Under PR, there’s no way to know for sure. People believe what they want to believe about him. If you want to think that there’s a cool left-wing government in Spain, then you talk yourself into the purity of his intentions and you blame the other parties for frustrating him. If you want to be cynical and argue that he’s playing games, you can just as easily talk yourself into that, too. In reality, PR ensures that the left cannot achieve a real victory in Spain, regardless of who leads it or how it is organized. The left will always operate a minority government or rely on the support of disloyal small parties. Sometimes, it will operate a minority government while also relying on the support of disloyal small parties, as it does now.
A Ghetto for the Left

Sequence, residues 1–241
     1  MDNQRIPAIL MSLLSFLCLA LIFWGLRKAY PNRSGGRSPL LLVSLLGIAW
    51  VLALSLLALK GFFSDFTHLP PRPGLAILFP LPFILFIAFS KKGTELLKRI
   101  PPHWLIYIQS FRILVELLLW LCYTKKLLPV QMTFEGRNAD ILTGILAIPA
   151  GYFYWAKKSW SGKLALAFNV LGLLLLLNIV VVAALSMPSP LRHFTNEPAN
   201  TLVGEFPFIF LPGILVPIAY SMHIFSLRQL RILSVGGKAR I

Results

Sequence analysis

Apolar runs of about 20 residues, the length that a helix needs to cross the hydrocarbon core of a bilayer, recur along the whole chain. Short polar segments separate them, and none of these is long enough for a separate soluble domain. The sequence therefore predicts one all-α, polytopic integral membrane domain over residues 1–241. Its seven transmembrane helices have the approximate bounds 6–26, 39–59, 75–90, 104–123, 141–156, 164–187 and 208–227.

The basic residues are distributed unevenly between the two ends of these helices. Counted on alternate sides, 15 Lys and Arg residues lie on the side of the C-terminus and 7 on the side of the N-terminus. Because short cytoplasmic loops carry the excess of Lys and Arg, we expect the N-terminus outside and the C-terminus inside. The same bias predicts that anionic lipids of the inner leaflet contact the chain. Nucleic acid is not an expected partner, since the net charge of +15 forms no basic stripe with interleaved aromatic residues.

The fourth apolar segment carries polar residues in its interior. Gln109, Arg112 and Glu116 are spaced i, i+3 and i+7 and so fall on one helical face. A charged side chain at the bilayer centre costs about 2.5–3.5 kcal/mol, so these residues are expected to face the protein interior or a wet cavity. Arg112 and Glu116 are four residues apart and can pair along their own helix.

In Germany, there is a left-wing party that has never been in coalition. It’s called Die Linke, “The Left.” Linke is committed to democratic socialism, but is descended from the East German Socialist Unity Party. Most of its votes still come from the East. Because Linke is associated with the East German government, German capitalists do not consider it trustworthy. In 2013, Linke came third in the German federal election. The Social Democrats had the opportunity to see off Chancellor Angela Merkel by joining with Linke and the Greens. But the Social Democrats declined. Instead, they joined a Grand Coalition with Merkel’s center-right Christian Democratic Union.